December 4, 2009 — A new, stimulus-funded research center at the Department of Energy's Oak Ridge National Laboratory could help strengthen the very 'fiber' of America's automotive and energy industries.
Through the American Recovery and Reinvestment Act, DOE has allocated $34.7 million to establish the Carbon Fiber Technology Center at ORNL. The project, which will enable the development and commercialization of low-cost carbon fiber for use in composite materials, is being funded through DOE's Office of Energy Efficiency and Renewable Energy. The announcement was part of $104 million in Recovery Act funding for research and testing facilities at seven DOE national laboratories.
"Materials research conducted at this center will help advance the production of lighter-weight vehicles that use less oil and less fuel and produce fewer emissions without compromising comfort, safety or performance," said ORNL Director Thom Mason. "These goals are a priority for the nation's automotive and other industries, and through this project, we can help them address the challenge."
Carbon fiber composite material is a polymer matrix composite that weighs significantly less than steel yet offers comparable strength and performance in vehicle applications. ORNL is also exploring the use of carbon fiber composite materials in other energy-related applications such as blades and towers for wind turbines and industrial technologies.
"Decreasing vehicle weight and fuel demand through the use of carbon fiber composite material is a big step government and industry can take together to help America achieve its fuel efficiency goals," said Dana Christensen, associate laboratory director for Energy and Engineering Sciences at ORNL. "During the last 10 years, we've made significant progress toward overcoming commercialization barriers caused by high carbon fiber production costs and limited manufacturing technologies."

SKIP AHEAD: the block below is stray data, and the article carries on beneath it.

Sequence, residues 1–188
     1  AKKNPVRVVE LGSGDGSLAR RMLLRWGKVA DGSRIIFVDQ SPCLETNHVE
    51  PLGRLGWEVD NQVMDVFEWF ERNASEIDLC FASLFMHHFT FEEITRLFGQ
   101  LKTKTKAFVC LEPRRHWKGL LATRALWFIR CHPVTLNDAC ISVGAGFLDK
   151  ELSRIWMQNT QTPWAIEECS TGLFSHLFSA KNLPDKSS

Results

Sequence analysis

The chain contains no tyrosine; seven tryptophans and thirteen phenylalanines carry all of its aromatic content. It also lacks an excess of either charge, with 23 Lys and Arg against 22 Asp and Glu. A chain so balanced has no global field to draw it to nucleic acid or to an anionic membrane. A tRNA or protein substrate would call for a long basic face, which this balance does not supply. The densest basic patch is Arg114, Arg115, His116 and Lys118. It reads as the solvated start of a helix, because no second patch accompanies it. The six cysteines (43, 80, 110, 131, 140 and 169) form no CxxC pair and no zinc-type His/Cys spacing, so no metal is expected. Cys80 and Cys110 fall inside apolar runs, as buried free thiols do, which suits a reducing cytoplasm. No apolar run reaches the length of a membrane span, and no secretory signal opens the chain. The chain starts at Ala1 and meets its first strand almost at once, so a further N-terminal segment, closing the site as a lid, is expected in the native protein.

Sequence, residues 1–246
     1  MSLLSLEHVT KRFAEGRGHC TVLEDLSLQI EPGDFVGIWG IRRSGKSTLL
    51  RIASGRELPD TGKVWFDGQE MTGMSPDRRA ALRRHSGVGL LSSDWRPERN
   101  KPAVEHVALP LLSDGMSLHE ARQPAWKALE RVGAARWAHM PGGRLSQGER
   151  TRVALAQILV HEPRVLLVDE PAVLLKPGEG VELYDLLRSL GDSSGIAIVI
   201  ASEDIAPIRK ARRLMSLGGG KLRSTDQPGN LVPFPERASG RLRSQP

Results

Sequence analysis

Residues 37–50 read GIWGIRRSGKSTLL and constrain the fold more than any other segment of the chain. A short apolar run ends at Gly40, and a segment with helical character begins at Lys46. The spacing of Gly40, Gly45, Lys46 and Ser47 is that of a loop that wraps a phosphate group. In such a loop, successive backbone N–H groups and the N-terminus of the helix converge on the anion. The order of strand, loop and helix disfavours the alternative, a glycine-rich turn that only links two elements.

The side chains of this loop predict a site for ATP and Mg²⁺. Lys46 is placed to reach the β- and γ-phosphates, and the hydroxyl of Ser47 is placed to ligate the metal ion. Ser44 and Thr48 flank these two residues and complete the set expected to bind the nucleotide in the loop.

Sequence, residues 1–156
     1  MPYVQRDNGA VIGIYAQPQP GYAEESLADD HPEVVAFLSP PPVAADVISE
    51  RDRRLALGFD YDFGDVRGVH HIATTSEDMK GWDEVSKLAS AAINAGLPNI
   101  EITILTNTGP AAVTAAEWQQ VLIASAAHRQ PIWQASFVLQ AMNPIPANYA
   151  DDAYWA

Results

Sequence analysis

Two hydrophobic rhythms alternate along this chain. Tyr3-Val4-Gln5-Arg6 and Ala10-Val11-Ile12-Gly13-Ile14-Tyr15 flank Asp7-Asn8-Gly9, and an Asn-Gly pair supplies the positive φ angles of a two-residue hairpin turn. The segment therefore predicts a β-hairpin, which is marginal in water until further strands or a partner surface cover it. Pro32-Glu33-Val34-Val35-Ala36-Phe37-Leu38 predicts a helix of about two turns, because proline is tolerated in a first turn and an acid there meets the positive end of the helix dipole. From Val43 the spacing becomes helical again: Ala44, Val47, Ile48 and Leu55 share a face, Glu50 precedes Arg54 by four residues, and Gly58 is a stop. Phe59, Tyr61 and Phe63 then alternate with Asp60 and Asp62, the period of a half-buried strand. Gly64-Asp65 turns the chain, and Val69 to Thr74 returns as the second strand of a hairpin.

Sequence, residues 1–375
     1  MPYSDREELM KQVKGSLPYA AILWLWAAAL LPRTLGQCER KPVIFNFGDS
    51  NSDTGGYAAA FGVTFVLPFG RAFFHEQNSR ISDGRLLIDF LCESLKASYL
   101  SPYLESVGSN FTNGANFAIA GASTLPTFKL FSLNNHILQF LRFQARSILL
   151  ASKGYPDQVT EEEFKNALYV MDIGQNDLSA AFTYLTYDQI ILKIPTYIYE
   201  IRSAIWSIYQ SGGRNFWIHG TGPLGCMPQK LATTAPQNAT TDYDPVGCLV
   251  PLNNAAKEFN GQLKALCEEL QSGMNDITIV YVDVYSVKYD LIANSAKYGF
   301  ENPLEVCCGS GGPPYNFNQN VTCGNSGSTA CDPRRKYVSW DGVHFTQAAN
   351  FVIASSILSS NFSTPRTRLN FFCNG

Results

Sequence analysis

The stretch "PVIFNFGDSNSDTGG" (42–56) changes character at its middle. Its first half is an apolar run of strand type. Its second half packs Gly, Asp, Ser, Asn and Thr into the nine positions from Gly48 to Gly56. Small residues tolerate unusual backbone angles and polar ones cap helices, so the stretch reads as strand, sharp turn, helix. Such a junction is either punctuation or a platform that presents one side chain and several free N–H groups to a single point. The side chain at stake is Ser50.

Ray Boeman, director of ORNL's Advance Transportation Systems Programs, said ongoing research focus areas include identifying low cost carbon fiber precursors, developing advanced technologies for converting precursors to carbon fiber, and testing low-cost composite design and manufacturing capabilities.
"The new technology center's capabilities are expected to advance these research efforts, while enabling development of new innovations and commercialization opportunities," Boeman said. "Operating at a pilot level, the facility will be highly flexible and instrumented to demonstrate and evaluate the scalability of science and technology for lowering carbon fiber costs at least 50 percent and improving affordability of carbon fiber in high volume applications."
The center will be capable of producing up to 80 tons per year of low-cost carbon fiber for evaluation and use by industry and government partners. Primary equipment will include a thermal (conventional) carbon fiber conversion line and a melt-spun precursor fiber production line. Space and utility provisions are planned to add an advanced technology conversion line. Boeman said 17 potential users from industry, academia, economic development agencies, and the government submitted letters of support or commitment for the research center, which also will accommodate educational and training opportunities.
"The technology center will enable ORNL researchers to interface more closely with our partners, helping foster a highly skilled workforce, domestic job growth and economic development," Boeman said.
ORNL is managed by UT-Battelle for the Department of Energy.